In Zettlr, it would look like the following:


Even though the table cells are each aligned to fit the total width of each column, you cannot make out the fact that this is indeed a valid Markdown table, as each line gets wrapped and the table structure is impossible to discern. Without the counter in the first column, you would even have a hard time making out the number of rows in it.

Inserting Tables

Since creating the basic structure of a table can be cumbersome, Zettlr includes a feature that can generate the correct syntax. To insert a table in your document, click on the corresponding toolbar button that looks like a table.

A pop-up will open that shows you a grid. When you move your mouse over the grid, the top-left cells of this grid will be highlighted. Move the mouse cursor until the correct amount of columns and rows are highlighted, and click. Zettlr will then insert the basic scaffold for a table of that size.

The Table Editor

Obviously, writing Markdown tables is sometimes unavoidable, but always painful. To make creating tables easier, Zettlr ships with a table editor that is enabled by default. The table editor will detect Markdown tables in your document and render them as actual tables that support line wrapping and contain less cluttered borders.

With the table editor, the above mentioned table looks like this:

A table as displayed by the table editor

Editing Tables

To edit tables with the table editor, click into any of the cells of the table and begin writing. The regular Markdown syntax is supported.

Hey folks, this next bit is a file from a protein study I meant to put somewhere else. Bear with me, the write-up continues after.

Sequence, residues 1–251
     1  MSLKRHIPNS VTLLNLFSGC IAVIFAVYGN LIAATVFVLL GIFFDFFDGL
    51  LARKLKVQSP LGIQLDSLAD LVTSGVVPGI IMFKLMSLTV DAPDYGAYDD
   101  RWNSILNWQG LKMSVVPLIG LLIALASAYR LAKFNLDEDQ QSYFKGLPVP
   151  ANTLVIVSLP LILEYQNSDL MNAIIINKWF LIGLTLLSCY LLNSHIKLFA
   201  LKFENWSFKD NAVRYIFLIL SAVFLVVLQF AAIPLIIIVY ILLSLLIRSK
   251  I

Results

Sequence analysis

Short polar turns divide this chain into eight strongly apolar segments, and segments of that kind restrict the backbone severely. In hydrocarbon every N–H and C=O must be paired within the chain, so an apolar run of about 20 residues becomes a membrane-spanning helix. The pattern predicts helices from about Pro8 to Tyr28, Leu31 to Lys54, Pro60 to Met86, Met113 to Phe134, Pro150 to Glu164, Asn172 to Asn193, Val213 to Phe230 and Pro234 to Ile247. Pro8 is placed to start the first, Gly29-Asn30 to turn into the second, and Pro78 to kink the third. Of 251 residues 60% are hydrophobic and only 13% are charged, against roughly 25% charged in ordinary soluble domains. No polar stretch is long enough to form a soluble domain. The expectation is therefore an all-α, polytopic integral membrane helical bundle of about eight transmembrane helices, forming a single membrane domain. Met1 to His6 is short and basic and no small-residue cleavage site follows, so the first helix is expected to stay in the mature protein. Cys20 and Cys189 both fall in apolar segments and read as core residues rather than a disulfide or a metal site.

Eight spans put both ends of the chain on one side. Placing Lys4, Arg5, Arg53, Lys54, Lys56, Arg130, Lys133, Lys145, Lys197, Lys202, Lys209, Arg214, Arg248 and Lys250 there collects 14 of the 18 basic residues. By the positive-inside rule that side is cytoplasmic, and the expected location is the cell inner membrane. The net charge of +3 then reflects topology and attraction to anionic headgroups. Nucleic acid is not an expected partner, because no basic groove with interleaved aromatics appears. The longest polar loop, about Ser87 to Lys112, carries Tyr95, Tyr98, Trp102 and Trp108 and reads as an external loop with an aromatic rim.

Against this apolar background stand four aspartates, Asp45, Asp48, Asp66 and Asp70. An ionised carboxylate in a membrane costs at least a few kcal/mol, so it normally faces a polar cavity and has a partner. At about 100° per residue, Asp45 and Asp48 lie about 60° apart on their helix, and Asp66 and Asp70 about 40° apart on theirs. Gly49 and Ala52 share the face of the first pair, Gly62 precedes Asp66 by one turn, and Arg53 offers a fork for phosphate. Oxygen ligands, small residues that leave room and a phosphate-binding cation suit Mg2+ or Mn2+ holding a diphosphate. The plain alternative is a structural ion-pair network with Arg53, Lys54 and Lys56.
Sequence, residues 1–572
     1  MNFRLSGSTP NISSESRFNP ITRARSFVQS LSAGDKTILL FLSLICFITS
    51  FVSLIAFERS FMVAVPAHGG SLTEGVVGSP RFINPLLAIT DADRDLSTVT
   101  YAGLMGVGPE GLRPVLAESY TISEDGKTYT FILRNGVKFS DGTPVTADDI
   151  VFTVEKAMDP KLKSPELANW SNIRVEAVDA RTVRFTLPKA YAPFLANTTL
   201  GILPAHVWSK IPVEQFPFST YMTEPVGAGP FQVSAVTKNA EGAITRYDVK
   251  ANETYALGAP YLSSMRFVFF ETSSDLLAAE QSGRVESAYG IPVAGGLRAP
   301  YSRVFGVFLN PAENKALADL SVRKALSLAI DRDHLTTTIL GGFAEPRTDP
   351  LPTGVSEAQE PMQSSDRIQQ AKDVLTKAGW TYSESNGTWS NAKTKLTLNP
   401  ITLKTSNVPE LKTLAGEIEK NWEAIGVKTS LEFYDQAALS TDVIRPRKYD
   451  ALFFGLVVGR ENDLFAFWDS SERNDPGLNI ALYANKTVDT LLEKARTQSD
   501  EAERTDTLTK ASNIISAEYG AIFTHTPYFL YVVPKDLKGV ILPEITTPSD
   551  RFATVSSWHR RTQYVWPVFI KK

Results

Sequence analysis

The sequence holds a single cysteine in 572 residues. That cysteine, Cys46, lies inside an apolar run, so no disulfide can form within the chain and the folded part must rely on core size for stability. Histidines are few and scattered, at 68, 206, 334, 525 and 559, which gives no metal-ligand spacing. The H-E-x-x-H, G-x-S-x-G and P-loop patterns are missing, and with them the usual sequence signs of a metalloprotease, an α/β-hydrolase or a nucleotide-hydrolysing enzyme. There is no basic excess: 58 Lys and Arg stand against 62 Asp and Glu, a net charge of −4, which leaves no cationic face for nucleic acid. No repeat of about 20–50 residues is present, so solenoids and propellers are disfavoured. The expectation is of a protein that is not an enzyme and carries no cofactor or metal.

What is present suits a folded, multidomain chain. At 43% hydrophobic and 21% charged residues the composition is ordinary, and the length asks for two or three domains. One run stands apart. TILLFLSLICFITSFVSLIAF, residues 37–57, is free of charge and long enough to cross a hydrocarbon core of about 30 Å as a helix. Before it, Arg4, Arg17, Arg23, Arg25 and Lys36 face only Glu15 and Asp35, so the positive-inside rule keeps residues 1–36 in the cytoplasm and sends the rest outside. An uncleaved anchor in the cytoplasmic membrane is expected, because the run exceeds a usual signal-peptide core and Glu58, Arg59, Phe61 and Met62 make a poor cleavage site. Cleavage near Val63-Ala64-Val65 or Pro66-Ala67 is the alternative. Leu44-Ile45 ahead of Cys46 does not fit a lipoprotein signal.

Whenever a cell is currently active (indicated by a shimmer around its borders), you will see the Markdown source of the cell. Every cell that is not active will be rendered as HTML to make the display less cluttered.

There is a slightly translucent icon on the top of the table that will turn from green to red as you edit your table. In order to save the changes to the table, you need to click that icon. Once the changes are applied to the underlying Markdown document, the icon will turn green again. You can also press Cmd/Ctrl+S while the table is focused.


While the table editor aims to make editing tables easier, it does so at the expense of having the table contents automatically update. Therefore, always remember to click the icon or press Cmd/Ctrl+S before leaving or closing the document. As a tip: You can press Cmd/Ctrl+S twice after modifying a table to first apply the changes to the table to the document and immediately afterwards save the entire document.

Keyboard Navigation

While editing a table, the following keyboard shortcuts are available:

  • Tab: Move to the next cell. If the last column is active, move to the first cell in the next row. If your cursor was in the last column of the last row, a new row will be added automatically.